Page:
invaluable commercial outfit that worked for almost every major business
and organization in the city between 1924 and 1987, recording L.A.'s
explosive growth and commercial development.
Several other commercial photographers are well represented. They
include William M. Godfrey, a former Midwest dentist credited with the
city's first photograph (an innocuous 1862 view of downtown's plaza),
and C.C. Pierce, a distinguished architectural photographer, appropriate
to a city powered by waves of real estate speculation.
William A. Garnett's aerial chronicle of the postwar construction of
suburban Lakewood is nearly Minimalist in its organized geometry.
(Implausibly, Garnett got his start working in the Pasadena Police
Department's photography lab.) G. Haven Bishop's 1915 street scene of a
downtown neon advertisement reverberates against Humble's 1991 Hollywood
view, but Bishop's nocturnal photograph is part of Southern California
Edison's corporate archive, documenting the urbanizing effects of
The next largest group -- 19 photographs -- was made by arguably the
greatest 19th century American landscape photographer, Carleton E.
Watkins. Although better known for his classically ordered views of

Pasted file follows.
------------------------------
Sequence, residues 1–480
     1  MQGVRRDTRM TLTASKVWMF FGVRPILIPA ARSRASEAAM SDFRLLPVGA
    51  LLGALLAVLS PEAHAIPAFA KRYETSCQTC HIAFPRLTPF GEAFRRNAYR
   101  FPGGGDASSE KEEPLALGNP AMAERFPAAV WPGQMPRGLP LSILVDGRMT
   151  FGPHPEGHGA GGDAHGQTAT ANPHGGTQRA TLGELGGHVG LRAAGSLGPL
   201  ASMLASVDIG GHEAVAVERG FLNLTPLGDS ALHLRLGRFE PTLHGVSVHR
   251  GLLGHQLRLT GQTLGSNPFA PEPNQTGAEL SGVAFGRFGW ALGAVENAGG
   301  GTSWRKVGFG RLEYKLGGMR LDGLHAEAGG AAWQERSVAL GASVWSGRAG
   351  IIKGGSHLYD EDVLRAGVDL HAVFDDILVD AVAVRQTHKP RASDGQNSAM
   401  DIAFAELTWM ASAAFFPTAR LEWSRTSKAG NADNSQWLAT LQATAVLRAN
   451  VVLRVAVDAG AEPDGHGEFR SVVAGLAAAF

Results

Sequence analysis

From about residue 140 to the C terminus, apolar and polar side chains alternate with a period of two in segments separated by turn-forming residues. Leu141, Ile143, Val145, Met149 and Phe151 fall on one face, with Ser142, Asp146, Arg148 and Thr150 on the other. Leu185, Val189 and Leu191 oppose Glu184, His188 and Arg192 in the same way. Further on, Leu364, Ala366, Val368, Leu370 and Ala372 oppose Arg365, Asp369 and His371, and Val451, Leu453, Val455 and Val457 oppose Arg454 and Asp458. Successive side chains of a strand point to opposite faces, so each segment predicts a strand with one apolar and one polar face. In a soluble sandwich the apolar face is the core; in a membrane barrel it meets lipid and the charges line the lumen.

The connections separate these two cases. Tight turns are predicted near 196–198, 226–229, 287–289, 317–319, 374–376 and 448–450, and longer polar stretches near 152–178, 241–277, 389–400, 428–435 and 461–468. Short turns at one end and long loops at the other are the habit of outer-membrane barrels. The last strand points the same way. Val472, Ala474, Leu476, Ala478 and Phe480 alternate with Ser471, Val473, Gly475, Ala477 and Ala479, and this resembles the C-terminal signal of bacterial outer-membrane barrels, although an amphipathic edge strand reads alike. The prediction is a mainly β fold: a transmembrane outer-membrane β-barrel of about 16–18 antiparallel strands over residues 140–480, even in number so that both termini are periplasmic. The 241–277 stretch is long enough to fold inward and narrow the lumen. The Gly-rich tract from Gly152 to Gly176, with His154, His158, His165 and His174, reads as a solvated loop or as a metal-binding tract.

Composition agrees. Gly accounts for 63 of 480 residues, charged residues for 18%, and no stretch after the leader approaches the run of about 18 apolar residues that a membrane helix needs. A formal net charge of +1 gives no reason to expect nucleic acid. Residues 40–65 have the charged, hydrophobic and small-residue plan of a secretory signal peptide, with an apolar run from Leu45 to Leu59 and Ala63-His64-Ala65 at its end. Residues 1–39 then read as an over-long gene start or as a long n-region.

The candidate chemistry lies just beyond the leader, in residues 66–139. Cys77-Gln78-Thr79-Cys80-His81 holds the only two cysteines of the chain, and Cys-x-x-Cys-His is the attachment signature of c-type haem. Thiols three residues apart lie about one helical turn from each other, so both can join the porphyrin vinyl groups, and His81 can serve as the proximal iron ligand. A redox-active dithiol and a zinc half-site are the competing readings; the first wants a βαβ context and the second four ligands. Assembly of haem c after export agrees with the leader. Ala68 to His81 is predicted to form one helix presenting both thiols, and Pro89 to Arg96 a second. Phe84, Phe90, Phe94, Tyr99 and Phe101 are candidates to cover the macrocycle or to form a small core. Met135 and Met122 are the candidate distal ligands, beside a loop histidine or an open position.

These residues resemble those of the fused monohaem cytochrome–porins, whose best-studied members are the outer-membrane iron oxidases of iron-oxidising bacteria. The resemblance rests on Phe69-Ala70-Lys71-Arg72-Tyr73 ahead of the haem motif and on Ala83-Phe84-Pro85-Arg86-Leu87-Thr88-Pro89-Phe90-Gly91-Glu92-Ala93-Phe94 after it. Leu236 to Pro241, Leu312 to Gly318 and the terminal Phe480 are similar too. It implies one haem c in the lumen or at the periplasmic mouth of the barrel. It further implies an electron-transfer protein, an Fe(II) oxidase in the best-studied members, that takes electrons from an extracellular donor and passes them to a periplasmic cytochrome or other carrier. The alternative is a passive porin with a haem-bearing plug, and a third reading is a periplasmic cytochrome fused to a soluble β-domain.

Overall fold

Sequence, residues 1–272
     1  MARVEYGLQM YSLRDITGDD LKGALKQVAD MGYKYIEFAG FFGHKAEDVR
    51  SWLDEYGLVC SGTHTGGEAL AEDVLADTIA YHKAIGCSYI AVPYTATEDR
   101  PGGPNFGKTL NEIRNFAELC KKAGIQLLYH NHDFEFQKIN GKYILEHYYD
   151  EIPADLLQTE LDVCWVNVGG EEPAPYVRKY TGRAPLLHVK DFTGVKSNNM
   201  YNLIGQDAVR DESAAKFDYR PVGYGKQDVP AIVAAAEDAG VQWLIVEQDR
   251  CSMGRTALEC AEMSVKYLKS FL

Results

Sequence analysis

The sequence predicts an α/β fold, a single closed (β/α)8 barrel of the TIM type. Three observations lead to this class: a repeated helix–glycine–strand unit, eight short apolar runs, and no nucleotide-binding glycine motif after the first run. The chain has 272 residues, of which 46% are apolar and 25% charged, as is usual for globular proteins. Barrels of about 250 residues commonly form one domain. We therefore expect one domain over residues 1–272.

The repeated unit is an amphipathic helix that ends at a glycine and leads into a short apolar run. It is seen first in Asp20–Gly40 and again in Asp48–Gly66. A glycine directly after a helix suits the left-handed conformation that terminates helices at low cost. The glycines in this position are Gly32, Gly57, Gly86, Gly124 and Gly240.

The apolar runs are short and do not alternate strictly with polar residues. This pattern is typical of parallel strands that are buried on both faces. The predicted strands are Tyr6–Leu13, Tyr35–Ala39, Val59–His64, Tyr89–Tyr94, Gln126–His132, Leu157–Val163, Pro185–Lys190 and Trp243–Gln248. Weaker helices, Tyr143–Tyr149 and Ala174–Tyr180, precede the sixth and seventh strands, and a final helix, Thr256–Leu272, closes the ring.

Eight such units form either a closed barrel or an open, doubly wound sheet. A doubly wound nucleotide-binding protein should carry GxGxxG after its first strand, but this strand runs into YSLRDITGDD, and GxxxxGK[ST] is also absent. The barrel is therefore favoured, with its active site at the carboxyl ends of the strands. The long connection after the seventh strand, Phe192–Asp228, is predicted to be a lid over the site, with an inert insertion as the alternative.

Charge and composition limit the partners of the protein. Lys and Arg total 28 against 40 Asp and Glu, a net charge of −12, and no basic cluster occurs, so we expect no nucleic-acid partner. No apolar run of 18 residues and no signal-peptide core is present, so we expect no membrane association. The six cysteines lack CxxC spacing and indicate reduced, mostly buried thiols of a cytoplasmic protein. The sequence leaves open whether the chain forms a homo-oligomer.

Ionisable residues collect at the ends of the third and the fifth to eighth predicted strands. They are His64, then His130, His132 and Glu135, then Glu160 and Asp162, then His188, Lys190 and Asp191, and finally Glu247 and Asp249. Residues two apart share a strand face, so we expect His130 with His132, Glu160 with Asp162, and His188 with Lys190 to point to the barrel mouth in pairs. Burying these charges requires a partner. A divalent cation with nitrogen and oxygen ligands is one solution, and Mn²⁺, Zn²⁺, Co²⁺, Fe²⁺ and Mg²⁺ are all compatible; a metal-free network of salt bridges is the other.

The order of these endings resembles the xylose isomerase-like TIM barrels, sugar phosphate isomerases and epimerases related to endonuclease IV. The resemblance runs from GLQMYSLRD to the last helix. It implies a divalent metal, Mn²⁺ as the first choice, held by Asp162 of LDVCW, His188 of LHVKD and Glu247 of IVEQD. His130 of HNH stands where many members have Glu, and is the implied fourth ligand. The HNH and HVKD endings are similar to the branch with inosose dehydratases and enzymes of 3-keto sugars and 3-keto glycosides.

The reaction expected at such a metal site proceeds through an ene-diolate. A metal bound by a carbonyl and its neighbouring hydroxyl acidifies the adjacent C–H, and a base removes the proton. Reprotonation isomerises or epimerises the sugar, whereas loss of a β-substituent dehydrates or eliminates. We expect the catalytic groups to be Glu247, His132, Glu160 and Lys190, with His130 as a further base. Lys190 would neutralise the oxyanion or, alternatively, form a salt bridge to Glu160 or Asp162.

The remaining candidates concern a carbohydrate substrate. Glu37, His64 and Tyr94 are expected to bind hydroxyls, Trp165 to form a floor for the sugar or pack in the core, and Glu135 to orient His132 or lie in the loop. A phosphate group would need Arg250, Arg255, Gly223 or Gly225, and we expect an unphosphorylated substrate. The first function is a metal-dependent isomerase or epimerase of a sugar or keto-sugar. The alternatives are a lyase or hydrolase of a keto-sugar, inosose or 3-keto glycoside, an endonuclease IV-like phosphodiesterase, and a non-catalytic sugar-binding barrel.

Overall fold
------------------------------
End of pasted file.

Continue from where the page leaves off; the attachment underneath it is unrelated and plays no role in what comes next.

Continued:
Northern California and Nevada, in which a rustic dam or mountain
plateau is endowed with the noble gravity of the Parthenon, Watkins' two
L.A. excursions resulted in languid vistas of Santa Monica Canyon and
Pasadena farmland. Sylvan southern harmonies supplant rustic northern
Among postwar photographers, the two most abundantly represented are
Harry Gamboa Jr. and Gusmano Cesaretti. Gamboa's well-known series of
Chicano portraits plays off cultural stereotypes, promulgated by mass
media. Cesaretti is a visual consultant who pulls those mass-media
levers, most notably with film and TV producer-directors Michael Mann
and Tony Scott.
Disappointingly, just 18 of the 108 named photographers are women.
Glamour photographer George Hurrell is unsurprisingly included, for
example, but not his MGM predecessor, Ruth Harriet Louise. More men than
women would be expected, given social norms of the last 150 years, but
the disparity is greater than it should be.